This post appeared in Africa in Transition. The views expressed are the author's own.
Uganda’s President Yoweri Museveni on Feb. 24 signed the Anti-Homosexuality Act. On the same day, he approved another law that received far less international attention: the Anti-Pornography Act. The bulk of the this act lays out terms for regulating the producers and promoters of pornographic material, but response to the bill has picked up on the act’s definition of “pornography” – a definition that includes vague references to “indecent show” and, “representation of the sexual parts of a person for primarily sexual excitement.”
Ethics and Integrity Minister Simon Lokodo announced that the act prohibits certain forms of women’s dress, such as miniskirts. This interpretation garnered the act the shorthand nomenclature as the “miniskirt ban.”
At face value, one might see nothing wrong with sartorial regulation that reflects popular ideas about morality. Uganda is hardly alone in this effort. However, in order to understand the consequences of this law, one must first note the condition of Uganda’s police force and judicial apparatus. Prosecution of crimes according to the application of legal principles and procedures is, one might say, inconsistent. It is hard to imagine that the Anti-Pornography Act (and the Anti-Homosexuality Act) will usher in an era of formal arrests and evidence-based trials.
What they will do -- what they have already done -- is sanction violence against women and anyone suspected of “homosexuality.”
The day after the Anti-Pornography Act was signed into law, Ugandan newspapers began issuing reports of women being publicly stripped -- a powerful shaming gesture -- by mobs of men claiming to “help” the police. These attacks were carried out in rural villages and urban centers alike, prompting a demonstration on the grounds of Kampala’s National Theatre, in which women carried signs beseeching, “give us maternal healthcare, don’t undress us in the street.”
I was in a hair salon in Uganda recently when talk turned to this protest, and the law in general. Women spoke of plans to purchase pepper spray and otherwise prepare for the possibility of assault, in a country where violence against women is already endemic.
One woman wondered, half-jokingly, if she should stop dressing her young daughter in short pants. Does the law apply to children? What should we wear to swim? What about pajamas inside one’s own house? Women tossed around a number of questions that the law does not address.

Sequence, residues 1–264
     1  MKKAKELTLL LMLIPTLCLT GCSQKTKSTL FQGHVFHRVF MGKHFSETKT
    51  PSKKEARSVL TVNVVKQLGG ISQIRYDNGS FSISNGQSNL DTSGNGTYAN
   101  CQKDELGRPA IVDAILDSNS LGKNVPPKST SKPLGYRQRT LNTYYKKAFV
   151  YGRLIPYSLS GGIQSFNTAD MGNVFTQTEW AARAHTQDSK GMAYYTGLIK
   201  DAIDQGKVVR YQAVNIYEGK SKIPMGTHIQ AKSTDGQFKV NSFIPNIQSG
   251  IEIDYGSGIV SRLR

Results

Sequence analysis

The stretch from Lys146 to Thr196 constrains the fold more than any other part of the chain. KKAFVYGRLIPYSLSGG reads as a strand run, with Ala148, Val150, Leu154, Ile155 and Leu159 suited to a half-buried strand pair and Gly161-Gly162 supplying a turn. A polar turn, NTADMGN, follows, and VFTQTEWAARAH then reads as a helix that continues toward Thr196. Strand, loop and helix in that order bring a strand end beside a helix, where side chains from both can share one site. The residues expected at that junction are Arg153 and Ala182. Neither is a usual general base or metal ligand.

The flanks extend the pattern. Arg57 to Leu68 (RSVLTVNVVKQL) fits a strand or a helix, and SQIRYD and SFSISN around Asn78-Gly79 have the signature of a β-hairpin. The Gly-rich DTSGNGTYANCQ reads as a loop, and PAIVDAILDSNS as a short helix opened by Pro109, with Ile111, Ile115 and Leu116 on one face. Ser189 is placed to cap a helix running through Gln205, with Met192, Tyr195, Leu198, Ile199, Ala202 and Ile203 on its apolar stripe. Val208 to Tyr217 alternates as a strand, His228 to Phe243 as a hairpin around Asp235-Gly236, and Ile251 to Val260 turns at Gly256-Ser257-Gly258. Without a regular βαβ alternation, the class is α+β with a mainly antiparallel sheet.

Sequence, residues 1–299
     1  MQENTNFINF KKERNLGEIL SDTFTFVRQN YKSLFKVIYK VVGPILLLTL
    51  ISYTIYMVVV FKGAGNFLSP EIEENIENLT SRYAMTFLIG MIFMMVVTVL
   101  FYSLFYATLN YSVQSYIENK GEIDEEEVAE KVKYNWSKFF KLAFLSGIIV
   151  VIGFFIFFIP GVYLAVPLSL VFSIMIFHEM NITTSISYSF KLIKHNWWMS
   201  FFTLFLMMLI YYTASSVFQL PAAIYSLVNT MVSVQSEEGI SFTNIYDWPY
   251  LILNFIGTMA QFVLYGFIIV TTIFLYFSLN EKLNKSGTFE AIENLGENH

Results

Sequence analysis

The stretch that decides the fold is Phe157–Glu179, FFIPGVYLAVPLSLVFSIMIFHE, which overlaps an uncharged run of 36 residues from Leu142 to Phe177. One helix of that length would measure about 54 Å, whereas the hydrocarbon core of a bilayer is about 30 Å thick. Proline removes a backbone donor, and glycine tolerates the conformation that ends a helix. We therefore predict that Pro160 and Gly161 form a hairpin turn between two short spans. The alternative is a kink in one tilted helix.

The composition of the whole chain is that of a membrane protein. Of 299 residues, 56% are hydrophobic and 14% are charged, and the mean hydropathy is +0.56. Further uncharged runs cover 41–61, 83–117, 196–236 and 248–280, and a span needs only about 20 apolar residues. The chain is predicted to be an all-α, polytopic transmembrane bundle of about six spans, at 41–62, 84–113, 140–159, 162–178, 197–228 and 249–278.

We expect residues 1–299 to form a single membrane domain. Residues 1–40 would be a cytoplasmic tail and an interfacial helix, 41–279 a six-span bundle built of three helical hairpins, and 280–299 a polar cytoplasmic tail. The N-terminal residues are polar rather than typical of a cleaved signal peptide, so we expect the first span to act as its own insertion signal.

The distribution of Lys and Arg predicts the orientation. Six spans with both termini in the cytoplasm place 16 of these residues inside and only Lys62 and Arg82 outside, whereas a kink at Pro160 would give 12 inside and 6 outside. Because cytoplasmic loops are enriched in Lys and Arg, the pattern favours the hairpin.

The vagueness of the law suggests that it is not intended as a comprehensive statement about Uganda’s moral compass. Rather, Museveni’s actions this week serve as a distraction, a bone thrown to a public beleaguered by poor healthcare, faltering educational institutions, and increasing intolerance of political dissent.
In other words, the Anti-Pornography Act, together with the Anti-Homosexuality Act, placates a public desperate for any sign of leadership from their president. It is a shame that this sign empowers vigilantes by codifying discrimination against already vulnerable groups.
Brooke Bocast is a PhD candidate in anthropology at Temple University and a visiting predoctoral fellow at Northwestern University.
A version of this post appeared in Lesley on Africa. The views expressed are the author's own.
Since violence spread across parts of South Sudan in mid-December, it seemed like a relative calm had returned, at least to Juba, the capital.
(For background on the roots of the current crisis, see Radio Tamazuj’s Nine questions about the South Sudan crisis: A guide for confused observers and South Sudan crisis: A guide for confused observers (II).)
The gunfire that broke out Wednesday occurred at the same SPLA barracks in Juba where gunfights started on Dec. 15 that led to the current standoff in South Sudan.
The cause of this morning’s fighting at the Giada barracks, in which at least five soldiers were killed, appears to have been a dispute over pay, and may have involved some soldiers from Salva Kiir’s presidential guard, the Tiger Division. Brig. Gen. Malaak Ayuen, an SPLA spokeman, stated, “This is purely an issue of salaries. It is not political and will not spread… Soldiers have not been paid since January, why I don’t know, and went to the commander seeking answers."
It appears that a new procedure for distributing salaries was the cause of this morning’s dispute.
The government of South Sudan had created a new payment system to prevent the payment of SPLA salaries to “ghost soldiers,” thereby requiring soldiers to collect their payments in person.
Cabinet affairs minister Martin Elia Lomoru stated ““The whole intention was for the good of the country. It was not meant to deny anybody their rightful dues…the intention was to build confidence in our financial systems so that the issue of transparency and accountability is not ignored.”